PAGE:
As a test engineering manager, making the decision to build your next test system using in-house resources or by working with external contractors can be a difficult one. This single decision will influence most of your future decisions regarding your test system and can ultimately govern the success or failure of a test team.
To help make this decision, it’s important to take the following items into consideration:
- Test requirements—In addition to the basic requirements like physical dimensions, I/O, timeline, and budget, be sure to address the purpose of the test, product stage, parts availability, operator usage, and desired test results as part of your requirements. By looking at the whole test system design from the top-down, you can quickly identify potential resource gaps and where you may need additional help.
- Total cost of ownership—This metric should include development costs for planning, licensing software, and developing a proof-of-concept; deployment costs for the capital equipment, assembly, software deployment, and shipping; and operational costs for running the machine, training, and maintenance.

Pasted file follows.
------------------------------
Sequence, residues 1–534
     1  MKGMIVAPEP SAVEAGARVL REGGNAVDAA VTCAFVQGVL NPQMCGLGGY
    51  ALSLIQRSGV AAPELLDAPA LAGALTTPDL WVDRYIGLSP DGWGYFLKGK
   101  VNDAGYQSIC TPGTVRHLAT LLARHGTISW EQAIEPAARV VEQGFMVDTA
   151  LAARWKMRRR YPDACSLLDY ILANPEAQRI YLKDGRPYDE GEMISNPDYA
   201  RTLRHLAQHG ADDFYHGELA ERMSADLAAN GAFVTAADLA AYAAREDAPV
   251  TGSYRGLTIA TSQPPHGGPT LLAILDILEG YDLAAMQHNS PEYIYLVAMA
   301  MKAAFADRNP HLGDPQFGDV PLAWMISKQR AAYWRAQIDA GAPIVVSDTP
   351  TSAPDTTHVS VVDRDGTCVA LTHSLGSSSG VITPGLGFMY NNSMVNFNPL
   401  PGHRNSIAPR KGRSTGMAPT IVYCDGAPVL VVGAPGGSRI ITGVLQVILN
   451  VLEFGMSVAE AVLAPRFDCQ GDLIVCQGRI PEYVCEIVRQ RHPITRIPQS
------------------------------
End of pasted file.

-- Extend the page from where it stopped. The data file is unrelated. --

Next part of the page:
- Balancing time, cost, and quality—One of the most important things to remember when developing a test system is that money is not the only factor. You must consider the balance between time to market, cost to implement, and the quality and longevity of the system.
After examining all the costs and other variables for building your test system, you may conclude that external help is needed to complete your project. Yet, you may still have doubts about outsourcing your entire project. Fortunately, the “build vs. buy” decision doesn’t have to be all or nothing; it can be a hybrid build-and-buy engagement, which we call co-sourcing.
This process involves teaming up with an experienced system integrator to split the workload and take advantage of each other’s strengths and capabilities. This win-win situation allows you to leverage expertise, improve efficiencies, and share risk and responsibilities for successful project results. The outcome is a configurable, well-designed, and well-documented test system that leaves your team fully trained and able to continue test development.
To dive deeper into the key considerations for a build vs. buy decision and to read about real-world examples of co-sourcing engagements, read the full white paper.